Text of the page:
Series: Felix Castor #1
on July 10th 2007
Genres: Fiction, Urban Fantasy
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Felix Castor is a freelance exorcist, and London is his stamping ground. It may seem like a good ghostbuster can charge what he likes and enjoy a hell of a lifestyle--but there’s a risk: Sooner or later he’s going to take on a spirit that’s too strong for him. While trying to back out of this ill-conceived career, Castor accepts a seemingly simple ghost-hunting case at a museum in the shadowy heart of London--just to pay the bills, you understand. But what should have been a perfectly straightforward exorcism is rapidly turning into the Who Can Kill Castor First Show, with demons and ghosts all keen to claim the big prize. That’s OK: Castor knows how to deal with the dead. It’s the living who piss him off...
I took a strong dislike to him right then to save time and effort later.
…Well, sometimes cruelty is kindness in disguise. Sometimes pain is the best teacher. Sometimes it does you no harm to realize that there’s a limit to what you can get away with.
The party guests milled around like a decapitated squid—lots of appendages, no brain, faintly suspect smell.
He was an elegant parasite who managed to make you feel you should be thanking him while he scrounged off you.
But if God had meant us to climb the mountain in a day, he would have put in a chairlift.
This series has every possibility of making me completely obsessed, and I’m excited to see where this goes.
The really boiled down plot is basically about an exorcist, Felix, who is hired to get rid of a ghost. I’d consider this more of a supernatural mystery. It starts out pretty simple but takes on some nifty twists and turns along the way.
The setting is an alternative London where ghost are common. There’s some otherworldly creatures that make a showing and up the action. I think Carey did a great job introducing us to the world without pages of lengthy explanation where every nuance is revealed regardless of its association to the current story. I had everything I needed in order to understand what was happening. With ghosts being a common, known part of life, it created an interesting take on what is commonly hidden from the general public in other such books. It’s out there, and Felix’s profession is used and recognized, to a certain extent. I was going along with this just fine until a friend pointed out that for a world where ghosts were supposedly so common, there were a few people who hadn’t seen them or didn’t believe in them. Looking back, I would have liked that explored a bit more. Or perhaps I missed something.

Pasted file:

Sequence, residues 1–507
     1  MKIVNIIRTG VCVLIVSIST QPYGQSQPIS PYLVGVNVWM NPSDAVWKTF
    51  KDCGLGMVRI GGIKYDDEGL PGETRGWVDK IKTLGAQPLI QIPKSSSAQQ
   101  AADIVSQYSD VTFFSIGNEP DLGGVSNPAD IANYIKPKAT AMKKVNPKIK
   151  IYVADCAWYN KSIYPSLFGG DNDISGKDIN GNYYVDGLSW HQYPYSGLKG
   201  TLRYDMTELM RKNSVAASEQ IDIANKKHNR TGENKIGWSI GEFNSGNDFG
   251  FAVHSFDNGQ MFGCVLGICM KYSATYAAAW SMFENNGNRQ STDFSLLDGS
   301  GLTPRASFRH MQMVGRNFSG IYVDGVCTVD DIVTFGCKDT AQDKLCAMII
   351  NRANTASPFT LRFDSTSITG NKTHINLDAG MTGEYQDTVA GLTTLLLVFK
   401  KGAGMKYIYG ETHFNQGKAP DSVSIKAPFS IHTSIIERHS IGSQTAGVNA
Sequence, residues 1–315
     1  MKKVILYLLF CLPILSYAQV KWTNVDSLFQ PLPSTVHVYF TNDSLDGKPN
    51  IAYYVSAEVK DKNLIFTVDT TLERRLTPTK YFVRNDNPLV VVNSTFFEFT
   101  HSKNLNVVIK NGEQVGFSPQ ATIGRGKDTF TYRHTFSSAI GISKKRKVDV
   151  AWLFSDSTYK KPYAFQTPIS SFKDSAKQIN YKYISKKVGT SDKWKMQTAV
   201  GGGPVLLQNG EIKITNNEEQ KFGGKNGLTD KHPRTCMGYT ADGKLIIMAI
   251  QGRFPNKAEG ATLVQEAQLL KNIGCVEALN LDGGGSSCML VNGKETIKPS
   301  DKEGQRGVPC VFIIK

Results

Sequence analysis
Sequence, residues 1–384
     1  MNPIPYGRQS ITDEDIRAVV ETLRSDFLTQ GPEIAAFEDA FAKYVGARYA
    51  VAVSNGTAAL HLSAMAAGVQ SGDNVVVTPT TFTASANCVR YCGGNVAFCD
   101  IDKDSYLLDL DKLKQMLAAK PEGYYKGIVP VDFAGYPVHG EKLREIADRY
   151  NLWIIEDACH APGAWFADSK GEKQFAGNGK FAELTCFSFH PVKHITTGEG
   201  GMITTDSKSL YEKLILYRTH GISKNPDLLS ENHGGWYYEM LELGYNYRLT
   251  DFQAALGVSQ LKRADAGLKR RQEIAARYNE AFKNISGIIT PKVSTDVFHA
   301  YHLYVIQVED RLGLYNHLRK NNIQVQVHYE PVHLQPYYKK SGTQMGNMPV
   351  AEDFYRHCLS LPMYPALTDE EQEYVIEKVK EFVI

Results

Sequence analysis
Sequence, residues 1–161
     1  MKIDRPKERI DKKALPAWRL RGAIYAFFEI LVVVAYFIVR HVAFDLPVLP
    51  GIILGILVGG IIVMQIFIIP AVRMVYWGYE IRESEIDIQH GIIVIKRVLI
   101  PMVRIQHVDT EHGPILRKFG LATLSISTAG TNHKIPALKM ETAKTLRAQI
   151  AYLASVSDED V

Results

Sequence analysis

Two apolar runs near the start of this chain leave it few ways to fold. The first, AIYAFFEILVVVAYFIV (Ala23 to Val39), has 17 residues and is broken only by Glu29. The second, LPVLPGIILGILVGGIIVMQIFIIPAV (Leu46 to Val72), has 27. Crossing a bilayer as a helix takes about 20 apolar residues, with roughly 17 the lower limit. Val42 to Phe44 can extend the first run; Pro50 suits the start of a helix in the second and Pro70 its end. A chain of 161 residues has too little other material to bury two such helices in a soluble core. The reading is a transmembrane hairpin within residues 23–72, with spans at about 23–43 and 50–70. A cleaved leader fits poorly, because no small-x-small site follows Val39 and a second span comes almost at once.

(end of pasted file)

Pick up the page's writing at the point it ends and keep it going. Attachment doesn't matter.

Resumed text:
I liked the characters in this book. Despite the cast surrounding our main protagonist, Felix was by far my favorite. He’s been through some stuff that’s made him a bit unsure of himself, and it’s given him a rather grim outlook. For me, I loved the voice of Felix. It drew me in quickly and held me the entire time. He has a bleak outlook sometimes, but it’s delivered with subtle humor and cynical sarcasm, but it’s not overly done. Even better, I could actually feel him growing in this book. By the end, he’d changed, and I’m a huge supporter of where he’s heading. I guess I was drawn to him so thoroughly that it made the other characters a tad bland. They all have their own quirks, but they felt standard: a plucky, adventurous girl; a long-time friend that’s there for him; a bad mobster type villain. There’s a few characters that have huge potential, such as his brother and a conspiracy zombie nut. I’m thinking since this is just book one, those characters will unveil deeper meaning as time progresses.
As I said, I loved the voice of Felix which led me to enjoying the writing. It moved quickly. The pace was nice. The action great. My only negative comes down to the very very lengthy descriptions. I don’t live in London, so a lot went right over my head. None of it helped me imagine the setting, probably because I grew too bored too quickly to take the time to let it. Moreover, it bogged everything down.
I won’t compare this to Dresden as many have. The characters and world are different enough that I’m not inclined to do so. And I feel this is very different from Constantine, which is another comparison I read. Right now, Felix is very ghost oriented, whereas Constantine is more heaven and hell focused. These might eventually converge—I can see the potential of it—but as it stands now, they’re different.
So overall, if you like the supernatural and mystery, I highly recommend this book.